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Hey guys. Long time no see. Hope everyone's doing well.
Probably shouldn't get too used to seeing me around, though. My absence here on Paizo has been pretty intentional after the first little bit of just not having the time to keep up. Between certain people's behaviors and certain unsettling trends in staff activity I finally hit the threshold point of "this place has changed too much for the worse" several months ago, hence my departure.
Steam (axioanarchist) or Skype (axi0anarchist) are probably the best places to get in touch with me. Barring that, over on GITP as EdgeOfOblivion.
It's been an experience over the years. Certainly there'll be things I'll miss. But I fear that time has come and gone.
Best of luck to all of you, and thank you for all you've done.
My go-to for Dragoon builds was the Warblade from 3.5's Tome of Battle. The Tiger Claw discipline had a lot of jumping-based maneuvers and Spear was one of its associated weapons. Combine that with the above-mentioned Leap Attack and Shock Trooper and you pretty much had the perfect Dragoon.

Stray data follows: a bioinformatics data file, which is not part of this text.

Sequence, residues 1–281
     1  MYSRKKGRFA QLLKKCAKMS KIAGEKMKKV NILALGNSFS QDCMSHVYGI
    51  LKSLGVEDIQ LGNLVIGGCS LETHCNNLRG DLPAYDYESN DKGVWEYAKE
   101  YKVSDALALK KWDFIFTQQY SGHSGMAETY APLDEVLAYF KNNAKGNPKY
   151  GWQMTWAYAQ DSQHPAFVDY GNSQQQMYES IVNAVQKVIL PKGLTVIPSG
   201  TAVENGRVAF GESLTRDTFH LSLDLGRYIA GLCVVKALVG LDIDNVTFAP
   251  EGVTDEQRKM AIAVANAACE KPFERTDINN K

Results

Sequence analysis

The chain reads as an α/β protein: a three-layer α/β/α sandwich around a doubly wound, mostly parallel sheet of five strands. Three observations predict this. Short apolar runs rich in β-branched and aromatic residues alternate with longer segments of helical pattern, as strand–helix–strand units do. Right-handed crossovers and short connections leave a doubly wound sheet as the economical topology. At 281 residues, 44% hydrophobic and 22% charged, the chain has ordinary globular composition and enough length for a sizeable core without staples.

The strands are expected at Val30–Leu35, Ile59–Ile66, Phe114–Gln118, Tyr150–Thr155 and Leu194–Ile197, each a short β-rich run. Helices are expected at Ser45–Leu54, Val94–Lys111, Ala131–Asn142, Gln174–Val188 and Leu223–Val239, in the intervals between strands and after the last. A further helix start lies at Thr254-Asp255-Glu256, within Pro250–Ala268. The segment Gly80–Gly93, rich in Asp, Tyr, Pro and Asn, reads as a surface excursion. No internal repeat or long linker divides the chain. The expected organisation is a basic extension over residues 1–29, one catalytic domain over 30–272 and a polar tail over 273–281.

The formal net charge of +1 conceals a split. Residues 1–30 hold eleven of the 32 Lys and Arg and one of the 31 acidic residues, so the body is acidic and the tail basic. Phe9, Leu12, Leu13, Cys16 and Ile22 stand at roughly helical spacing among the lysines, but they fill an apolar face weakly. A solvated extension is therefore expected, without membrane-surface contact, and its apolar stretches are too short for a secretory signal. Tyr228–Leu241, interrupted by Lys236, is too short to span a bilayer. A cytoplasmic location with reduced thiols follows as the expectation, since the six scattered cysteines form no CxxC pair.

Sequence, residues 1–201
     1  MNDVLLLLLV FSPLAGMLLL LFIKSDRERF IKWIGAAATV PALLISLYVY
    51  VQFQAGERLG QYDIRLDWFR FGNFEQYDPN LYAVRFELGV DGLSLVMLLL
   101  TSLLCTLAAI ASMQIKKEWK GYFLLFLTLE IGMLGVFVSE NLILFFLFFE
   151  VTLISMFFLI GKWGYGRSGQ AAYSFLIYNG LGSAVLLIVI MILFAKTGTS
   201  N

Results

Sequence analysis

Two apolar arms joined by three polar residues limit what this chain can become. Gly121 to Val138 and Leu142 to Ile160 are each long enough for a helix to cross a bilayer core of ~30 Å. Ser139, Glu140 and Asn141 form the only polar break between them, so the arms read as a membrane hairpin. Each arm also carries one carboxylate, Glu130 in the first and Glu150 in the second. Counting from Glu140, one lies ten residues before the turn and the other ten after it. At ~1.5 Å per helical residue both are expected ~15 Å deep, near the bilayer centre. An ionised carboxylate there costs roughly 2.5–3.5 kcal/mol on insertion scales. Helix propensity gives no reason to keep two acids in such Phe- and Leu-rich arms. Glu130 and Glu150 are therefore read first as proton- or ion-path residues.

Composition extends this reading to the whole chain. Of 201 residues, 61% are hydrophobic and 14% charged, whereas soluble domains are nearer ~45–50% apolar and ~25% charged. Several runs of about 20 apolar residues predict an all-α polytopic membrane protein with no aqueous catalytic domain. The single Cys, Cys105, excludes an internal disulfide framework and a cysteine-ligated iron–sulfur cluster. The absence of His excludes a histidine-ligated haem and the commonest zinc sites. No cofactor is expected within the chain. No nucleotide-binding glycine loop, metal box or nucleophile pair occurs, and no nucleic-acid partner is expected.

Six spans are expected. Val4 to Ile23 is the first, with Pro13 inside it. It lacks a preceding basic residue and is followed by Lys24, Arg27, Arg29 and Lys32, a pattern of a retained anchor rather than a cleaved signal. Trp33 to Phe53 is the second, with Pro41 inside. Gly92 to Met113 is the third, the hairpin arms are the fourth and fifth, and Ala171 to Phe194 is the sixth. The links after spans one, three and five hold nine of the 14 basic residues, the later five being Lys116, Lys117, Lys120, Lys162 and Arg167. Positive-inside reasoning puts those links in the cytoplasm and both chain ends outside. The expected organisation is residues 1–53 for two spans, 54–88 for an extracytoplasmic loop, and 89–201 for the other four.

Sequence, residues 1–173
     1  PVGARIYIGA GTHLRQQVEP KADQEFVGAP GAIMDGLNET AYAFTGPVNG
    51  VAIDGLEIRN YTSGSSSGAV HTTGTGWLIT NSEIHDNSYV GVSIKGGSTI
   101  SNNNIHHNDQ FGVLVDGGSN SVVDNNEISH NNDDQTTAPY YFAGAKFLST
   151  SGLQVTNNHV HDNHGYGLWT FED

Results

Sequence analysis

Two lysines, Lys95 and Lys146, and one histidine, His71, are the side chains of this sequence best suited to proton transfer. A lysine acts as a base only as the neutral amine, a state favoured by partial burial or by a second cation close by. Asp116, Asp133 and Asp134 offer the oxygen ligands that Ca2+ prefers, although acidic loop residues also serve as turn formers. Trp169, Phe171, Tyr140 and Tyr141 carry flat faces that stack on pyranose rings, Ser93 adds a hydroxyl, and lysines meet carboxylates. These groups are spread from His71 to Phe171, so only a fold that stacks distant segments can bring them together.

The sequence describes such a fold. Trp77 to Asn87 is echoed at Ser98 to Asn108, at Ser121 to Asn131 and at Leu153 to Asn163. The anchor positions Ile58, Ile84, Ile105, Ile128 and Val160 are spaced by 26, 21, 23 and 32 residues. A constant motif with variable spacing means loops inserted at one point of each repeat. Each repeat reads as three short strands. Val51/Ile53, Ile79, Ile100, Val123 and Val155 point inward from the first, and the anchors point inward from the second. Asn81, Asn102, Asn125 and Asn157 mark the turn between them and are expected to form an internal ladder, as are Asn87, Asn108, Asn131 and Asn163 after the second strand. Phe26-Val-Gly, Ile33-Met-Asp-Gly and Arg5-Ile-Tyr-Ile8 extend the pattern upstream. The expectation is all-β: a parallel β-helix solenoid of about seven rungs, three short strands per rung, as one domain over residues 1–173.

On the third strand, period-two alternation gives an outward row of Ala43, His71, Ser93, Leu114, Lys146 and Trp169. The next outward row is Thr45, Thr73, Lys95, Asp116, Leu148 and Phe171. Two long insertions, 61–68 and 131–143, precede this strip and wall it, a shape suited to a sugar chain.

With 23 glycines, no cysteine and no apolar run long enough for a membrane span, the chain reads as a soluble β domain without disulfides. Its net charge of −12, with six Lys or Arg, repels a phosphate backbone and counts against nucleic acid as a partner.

I haven't looked through Path of War's jumping-related maneuvers yet but that might also be a good place to start if you're not wanting to bring in 3.5 content.
Freehold DM wrote:
This is for Sun and Moon, the brand-new Generation 7, which will be released this November.
The only thing we know about it at all thus far is the three starters, the two legendaries near the end of the video (the sun lion and the moon hawk), and the name of the region and that it's heavily based on Hawaii.
Everything else is still up for speculation until the next release of info.
Patrick Curtin wrote:
However, as I get deeper into Buddhist philosophy, and the science of brain hackery I have decided that just because I have acted or felt one way for my entire life doesn't mean I have to continue that way.
That would indeed make a major difference. I have no interest in changing my comfort zones whatsoever and prefer to spend my increasingly-limited time and energy on pursuits I already enjoy.
I'm of a mind with Sherlock Holmes when it comes to lonely places... ;)
Not familiar with this particular quote. Either because it's been too long since I read Holmes or because I missed the story it's from.
The key to getting by in the city is drawing in your personal space bubble to just over skin level and putting up mental shutters.
Yeah, that would be a problem, my bubble is pretty big. Hence the need for elbow room.